MSE is a small, close-knit major that has provided me with support in my academic and personal life. The academic freedom has allowed me to explore different avenues outside of engineering that include ethics, wines, and astronomy.
Making a more sustainable, healthy, and joyous world starts with imagining new materials. That’s why students with a passion for chemistry, physics, and mathematics choose to major in materials science and engineering at Cornell – because everything from renewable energy to medical devices to consumer electronics can be advanced by improving the materials they are made from.
The Department of Materials Science and Engineering at Cornell offers one of the top ranked undergraduate programs in the world. It’s flexible curriculum, collaborative learning environment, and integration of technology and materials is widely regarded as a model for other universities worldwide.
As a materials science and engineering major, you will be emboldened to think creatively and explore new ways to improve the quality of life on our planet. Together, we tackle problems great and small.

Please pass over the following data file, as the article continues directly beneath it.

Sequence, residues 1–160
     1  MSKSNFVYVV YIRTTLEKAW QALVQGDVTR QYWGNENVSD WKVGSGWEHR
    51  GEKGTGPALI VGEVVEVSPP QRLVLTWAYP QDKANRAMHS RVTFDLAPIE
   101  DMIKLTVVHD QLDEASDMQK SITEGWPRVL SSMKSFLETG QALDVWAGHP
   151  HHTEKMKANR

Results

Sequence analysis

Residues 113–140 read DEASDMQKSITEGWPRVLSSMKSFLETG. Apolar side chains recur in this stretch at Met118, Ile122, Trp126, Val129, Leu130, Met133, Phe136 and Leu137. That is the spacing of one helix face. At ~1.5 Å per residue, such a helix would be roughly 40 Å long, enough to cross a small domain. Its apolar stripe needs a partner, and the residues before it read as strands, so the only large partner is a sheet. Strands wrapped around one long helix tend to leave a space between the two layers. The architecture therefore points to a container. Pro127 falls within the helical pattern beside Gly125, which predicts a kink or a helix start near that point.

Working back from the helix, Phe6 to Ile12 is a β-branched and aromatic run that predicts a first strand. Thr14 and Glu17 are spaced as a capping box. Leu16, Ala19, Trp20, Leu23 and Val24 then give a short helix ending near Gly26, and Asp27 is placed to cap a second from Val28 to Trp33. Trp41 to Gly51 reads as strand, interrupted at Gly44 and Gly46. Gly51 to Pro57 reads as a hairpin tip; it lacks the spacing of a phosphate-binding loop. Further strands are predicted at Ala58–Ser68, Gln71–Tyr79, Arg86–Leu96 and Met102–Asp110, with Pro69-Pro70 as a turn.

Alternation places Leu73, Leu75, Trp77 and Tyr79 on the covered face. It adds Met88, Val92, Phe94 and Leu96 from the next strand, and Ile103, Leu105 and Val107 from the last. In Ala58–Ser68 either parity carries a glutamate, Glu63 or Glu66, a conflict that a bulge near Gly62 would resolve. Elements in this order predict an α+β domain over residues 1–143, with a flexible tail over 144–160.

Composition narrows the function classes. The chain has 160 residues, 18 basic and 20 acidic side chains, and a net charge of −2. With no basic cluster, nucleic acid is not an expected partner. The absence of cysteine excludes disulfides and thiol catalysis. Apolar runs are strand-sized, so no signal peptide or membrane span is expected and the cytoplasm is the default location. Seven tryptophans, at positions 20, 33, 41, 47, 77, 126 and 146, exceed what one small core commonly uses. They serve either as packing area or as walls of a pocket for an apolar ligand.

Students who graduate with a Bachelor of Science degree in materials science and engineering from Cornell work in a wide variety of industries, found their own startup companies, or continue their education in graduate school. The median annual wage for materials engineers is over $95,000 according to the latest figures from the U.S. Bureau of Labor Statistics.
Learn more about what it’s like to study materials science and engineering below, including information about curriculum, career paths, life at Cornell, and frequently asked questions.
What is it like to study materials science and engineering at Cornell?
Materials Science and Engineering is an inherently interdisciplinary field. Students study the relationships among structure, properties, synthesis, and performance of materials. Specifically, they study how materials are made from the atom up and then use nanotechnology and knowledge about their structure to find ways to make the materials better and cheaper.